Space for and access to onsite services are essential to the long-term stability of children.9 One shelter we toured converted extra space into day-schools for infants and pre-school children. In the afternoon, adjacent spaces functioned as an after-school lounge for older children to do homework and make friends. Revealing that design can foster different relationships between staff and residents, these spaces required staff to know the children and their parents on a personal level, more than just another body needing to transition to independent housing as soon as possible.
A person who has been to prison is 7x more likely to become homeless, and more than 54% of people returning to New York City from State prison enter directly into the homeless shelter system.
In addition to designing for this new demographic of shelter residents, we also needed to address the reasons why people were entering shelter. The two most common reasons for homelessness today are domestic violence and eviction.10 50% of families in shelters are coming from just twenty-six neighborhoods, predominantly in the Bronx and Brooklyn.11 Furthermore, rather than dealing with the deinstitutionalization of the mental-health system, today we are facing a growing prison-to-shelter pipeline. A person who has been to prison is 7x more likely to become homeless, and more than 54% of people returning to New York City from State prison enter directly into the homeless shelter system.12,13
The journeys of domestic violence survivors, people evicted from their home, and people leaving prison, undoubtedly all demand different ethical approaches to our work and the design solutions that we can offer them. For domestic violence survivors and children, who are housed in different shelters, how can we balance the need for safety while not creating an overly securitized space? What is the safe and appropriate way to design the courtyards and playgrounds? If people are coming directly to shelter from their homes, how can we create flexible spaces to incorporate their personal belongings? What additional considerations need to be made to ensure a safe return back to the city from prison?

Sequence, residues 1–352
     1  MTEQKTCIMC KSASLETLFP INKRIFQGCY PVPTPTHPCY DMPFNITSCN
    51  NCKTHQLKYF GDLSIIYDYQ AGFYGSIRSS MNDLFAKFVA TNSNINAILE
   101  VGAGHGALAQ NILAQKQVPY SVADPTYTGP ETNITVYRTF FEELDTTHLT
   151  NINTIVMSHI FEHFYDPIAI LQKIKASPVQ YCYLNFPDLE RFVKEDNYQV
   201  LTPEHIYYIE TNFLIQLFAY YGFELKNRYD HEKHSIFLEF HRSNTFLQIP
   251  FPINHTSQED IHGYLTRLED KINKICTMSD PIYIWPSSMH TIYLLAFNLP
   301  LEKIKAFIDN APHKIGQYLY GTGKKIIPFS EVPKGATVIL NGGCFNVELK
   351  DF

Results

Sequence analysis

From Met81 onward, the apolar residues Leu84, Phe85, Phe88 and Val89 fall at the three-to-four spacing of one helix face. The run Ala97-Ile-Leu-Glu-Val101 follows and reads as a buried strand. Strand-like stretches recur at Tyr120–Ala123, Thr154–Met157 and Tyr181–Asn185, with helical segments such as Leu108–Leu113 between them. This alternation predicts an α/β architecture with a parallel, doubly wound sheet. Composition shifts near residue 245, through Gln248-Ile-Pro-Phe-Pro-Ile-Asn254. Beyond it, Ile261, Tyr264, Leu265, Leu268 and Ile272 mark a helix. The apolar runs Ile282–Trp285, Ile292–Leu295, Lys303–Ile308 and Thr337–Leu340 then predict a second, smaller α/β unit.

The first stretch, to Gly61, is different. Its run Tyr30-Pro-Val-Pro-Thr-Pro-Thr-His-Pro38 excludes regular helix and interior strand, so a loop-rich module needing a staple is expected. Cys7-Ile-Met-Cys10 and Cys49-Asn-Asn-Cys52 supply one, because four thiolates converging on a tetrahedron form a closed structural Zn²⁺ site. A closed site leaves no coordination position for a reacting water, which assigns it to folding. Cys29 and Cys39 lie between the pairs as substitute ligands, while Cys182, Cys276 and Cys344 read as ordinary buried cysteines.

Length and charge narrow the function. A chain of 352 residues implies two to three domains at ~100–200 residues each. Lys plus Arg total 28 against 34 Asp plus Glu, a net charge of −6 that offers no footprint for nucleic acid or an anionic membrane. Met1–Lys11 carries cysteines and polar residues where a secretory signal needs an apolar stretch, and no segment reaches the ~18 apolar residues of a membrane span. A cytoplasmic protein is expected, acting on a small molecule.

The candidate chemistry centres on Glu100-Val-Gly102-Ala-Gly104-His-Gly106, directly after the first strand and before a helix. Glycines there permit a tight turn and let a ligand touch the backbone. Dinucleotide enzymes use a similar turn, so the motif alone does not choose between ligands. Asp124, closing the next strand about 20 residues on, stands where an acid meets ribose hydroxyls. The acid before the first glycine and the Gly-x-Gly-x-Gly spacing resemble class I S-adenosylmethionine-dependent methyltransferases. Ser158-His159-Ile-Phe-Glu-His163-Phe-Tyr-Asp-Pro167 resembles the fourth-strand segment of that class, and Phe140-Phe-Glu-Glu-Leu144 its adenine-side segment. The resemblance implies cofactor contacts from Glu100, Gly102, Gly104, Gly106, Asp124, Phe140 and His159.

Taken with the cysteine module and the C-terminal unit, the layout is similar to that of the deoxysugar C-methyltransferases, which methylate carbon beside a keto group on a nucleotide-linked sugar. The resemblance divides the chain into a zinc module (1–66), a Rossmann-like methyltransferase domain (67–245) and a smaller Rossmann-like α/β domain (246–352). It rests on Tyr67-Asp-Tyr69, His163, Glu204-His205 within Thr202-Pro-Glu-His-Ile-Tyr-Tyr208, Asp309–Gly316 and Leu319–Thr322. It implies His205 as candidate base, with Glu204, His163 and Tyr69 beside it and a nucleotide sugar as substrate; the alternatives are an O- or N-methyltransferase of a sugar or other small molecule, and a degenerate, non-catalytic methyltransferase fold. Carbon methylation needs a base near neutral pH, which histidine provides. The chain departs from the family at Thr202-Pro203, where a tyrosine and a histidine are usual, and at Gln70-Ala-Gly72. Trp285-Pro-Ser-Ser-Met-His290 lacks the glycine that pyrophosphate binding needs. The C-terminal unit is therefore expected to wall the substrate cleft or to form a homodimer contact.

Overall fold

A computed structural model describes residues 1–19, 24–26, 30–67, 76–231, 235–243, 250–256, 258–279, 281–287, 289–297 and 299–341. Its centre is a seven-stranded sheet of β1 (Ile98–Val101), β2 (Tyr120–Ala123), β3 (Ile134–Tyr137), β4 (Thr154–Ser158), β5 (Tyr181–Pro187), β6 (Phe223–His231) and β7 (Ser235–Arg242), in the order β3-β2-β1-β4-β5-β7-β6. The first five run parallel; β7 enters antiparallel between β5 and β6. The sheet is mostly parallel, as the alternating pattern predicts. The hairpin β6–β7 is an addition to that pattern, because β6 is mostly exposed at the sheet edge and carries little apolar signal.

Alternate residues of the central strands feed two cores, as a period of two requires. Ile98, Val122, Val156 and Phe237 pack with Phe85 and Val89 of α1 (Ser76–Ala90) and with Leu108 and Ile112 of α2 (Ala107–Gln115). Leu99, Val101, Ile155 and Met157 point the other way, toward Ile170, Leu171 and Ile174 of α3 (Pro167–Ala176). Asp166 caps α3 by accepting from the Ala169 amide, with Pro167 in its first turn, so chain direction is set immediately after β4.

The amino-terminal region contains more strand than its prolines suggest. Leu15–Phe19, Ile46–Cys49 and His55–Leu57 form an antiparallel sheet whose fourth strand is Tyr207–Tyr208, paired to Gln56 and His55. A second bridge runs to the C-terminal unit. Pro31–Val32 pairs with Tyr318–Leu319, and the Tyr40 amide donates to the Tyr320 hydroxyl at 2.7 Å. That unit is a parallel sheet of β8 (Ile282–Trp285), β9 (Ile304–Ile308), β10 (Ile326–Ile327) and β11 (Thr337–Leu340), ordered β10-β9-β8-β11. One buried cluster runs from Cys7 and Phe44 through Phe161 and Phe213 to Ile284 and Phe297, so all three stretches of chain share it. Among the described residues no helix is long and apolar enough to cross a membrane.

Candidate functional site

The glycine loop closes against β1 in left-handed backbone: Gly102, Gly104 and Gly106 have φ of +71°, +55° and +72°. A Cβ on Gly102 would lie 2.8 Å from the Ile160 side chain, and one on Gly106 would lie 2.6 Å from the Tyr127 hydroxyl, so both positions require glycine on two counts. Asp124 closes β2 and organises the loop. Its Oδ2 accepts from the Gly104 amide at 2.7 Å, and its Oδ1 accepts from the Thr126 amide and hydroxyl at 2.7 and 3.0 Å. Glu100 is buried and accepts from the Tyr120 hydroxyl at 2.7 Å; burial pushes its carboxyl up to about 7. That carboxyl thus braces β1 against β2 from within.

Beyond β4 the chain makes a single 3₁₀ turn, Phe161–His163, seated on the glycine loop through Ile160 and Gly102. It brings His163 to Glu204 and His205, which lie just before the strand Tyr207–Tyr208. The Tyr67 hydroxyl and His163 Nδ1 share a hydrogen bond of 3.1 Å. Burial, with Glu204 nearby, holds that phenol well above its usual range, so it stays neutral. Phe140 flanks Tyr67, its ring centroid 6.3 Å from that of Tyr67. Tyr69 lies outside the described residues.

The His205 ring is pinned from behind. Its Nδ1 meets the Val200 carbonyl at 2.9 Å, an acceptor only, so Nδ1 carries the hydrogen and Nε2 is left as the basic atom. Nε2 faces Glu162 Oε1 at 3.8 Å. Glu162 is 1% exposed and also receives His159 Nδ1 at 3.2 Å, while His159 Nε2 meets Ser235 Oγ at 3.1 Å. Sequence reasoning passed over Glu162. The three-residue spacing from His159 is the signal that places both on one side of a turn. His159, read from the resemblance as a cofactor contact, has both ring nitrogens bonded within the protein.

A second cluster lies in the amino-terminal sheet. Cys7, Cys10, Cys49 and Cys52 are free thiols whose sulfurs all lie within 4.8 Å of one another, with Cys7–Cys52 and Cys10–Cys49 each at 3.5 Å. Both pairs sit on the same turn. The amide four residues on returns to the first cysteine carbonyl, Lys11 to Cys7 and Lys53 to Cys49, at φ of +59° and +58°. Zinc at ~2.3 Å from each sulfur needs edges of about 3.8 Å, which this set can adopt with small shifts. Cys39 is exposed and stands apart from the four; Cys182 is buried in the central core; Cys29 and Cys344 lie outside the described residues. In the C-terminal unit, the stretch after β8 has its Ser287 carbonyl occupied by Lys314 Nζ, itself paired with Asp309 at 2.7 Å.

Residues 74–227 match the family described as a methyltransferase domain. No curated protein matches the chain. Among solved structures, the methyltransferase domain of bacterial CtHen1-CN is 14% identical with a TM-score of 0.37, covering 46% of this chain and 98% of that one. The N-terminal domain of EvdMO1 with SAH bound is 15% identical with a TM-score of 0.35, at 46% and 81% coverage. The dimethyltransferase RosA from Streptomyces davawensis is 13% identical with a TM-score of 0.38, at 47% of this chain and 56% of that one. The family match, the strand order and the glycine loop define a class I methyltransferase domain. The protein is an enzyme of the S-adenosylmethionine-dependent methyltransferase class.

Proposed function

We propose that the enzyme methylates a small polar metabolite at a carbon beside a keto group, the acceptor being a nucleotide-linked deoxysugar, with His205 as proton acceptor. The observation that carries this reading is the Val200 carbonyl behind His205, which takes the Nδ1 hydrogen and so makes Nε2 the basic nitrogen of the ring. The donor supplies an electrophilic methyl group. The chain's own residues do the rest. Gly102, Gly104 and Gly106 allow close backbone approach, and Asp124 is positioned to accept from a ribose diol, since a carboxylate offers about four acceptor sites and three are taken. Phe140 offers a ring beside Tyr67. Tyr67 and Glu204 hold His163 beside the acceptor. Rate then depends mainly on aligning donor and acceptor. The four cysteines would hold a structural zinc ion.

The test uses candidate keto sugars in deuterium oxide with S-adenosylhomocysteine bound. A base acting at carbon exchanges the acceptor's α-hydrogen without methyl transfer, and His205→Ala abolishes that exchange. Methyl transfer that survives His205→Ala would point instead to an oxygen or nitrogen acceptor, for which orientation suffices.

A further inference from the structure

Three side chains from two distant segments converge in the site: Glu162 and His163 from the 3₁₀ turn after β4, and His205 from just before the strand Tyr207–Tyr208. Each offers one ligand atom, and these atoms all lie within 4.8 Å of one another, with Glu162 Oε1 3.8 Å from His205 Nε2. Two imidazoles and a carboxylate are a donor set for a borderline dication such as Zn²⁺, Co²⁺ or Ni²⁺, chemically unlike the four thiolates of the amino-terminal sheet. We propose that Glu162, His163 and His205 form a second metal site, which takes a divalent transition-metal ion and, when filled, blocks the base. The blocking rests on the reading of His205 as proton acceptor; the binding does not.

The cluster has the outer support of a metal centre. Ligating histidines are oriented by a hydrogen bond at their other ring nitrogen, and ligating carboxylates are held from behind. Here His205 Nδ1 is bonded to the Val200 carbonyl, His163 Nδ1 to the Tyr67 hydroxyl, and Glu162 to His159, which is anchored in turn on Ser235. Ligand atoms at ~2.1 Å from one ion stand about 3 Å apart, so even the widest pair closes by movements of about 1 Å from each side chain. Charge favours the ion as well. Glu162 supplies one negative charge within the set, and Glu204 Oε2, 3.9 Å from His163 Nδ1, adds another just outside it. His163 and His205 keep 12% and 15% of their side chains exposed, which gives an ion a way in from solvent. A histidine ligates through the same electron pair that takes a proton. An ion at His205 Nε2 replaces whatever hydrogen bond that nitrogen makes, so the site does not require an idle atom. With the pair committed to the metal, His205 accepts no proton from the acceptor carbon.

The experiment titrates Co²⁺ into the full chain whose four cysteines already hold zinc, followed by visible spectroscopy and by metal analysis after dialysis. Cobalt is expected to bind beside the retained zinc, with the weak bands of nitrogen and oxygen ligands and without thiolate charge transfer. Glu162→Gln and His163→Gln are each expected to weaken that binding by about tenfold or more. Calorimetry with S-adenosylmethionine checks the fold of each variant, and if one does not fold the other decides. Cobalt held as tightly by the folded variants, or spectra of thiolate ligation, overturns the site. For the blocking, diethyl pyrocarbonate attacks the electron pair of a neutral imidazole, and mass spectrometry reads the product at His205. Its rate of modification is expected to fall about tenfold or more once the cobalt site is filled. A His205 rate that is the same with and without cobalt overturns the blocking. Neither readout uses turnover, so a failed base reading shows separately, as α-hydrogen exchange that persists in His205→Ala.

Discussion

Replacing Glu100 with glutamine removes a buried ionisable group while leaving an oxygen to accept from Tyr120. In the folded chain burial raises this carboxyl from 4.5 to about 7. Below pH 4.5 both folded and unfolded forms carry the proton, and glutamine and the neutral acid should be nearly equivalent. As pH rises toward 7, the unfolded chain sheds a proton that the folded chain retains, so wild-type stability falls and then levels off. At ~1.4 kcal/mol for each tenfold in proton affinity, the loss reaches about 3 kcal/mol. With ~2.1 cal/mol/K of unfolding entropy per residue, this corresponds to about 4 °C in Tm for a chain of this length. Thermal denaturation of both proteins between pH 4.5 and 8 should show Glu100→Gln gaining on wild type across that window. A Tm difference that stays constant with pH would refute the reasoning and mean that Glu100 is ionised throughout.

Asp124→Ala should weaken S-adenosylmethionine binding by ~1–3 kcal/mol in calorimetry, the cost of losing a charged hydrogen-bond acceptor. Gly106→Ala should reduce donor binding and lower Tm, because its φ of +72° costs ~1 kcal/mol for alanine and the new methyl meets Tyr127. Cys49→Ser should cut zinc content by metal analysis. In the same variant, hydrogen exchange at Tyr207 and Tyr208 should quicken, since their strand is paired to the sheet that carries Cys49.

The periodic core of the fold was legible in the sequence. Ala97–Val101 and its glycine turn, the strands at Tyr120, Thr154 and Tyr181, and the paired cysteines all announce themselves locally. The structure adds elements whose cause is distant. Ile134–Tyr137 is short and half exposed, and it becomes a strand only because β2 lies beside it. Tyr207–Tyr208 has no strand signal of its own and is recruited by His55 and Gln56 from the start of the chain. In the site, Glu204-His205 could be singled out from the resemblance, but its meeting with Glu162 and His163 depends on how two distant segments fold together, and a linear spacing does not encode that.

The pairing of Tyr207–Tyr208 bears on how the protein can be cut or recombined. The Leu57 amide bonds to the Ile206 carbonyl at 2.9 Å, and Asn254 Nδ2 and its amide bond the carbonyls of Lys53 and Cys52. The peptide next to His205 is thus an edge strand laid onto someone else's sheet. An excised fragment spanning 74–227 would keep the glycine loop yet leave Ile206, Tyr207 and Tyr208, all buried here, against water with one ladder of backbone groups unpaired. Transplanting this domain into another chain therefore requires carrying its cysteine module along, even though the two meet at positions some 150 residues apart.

Further exacerbating these systemic challenges, New York City is also grappling with a housing market that is increasingly unaffordable, with rents outpacing income growth for decades.14 Unsurprisingly, with families struggling to find affordable housing to leave shelter, the average length of stay in shelter is now over 400 days, compared to about 160 days in the early 1980s.15
Of all the stories about people’s journeys in shelter, this was perhaps the most challenging to navigate. For the City, shelters are not meant to be homes but a temporary residence. For the residents, shelters are certainly not their homes but a place to help them land back on their feet. Yet, when we considered that many shelter residents are spending more time living in shelter than many New Yorkers live in an apartment, it became difficult not to design shelters as homes. If residents are spending a year or more in shelter, we need to find a way to design shelters without reinforcing trauma but as places where residents can assert their agency over the space. How can we allow residents to bring more of their belongings to shelter? What furniture and materials can afford more flexible uses for residents? How can residents adapt existing furniture and space to suit their needs? How can we reconfigure how shelters operate to afford residents a greater sense of ownership in their day-to-day lives?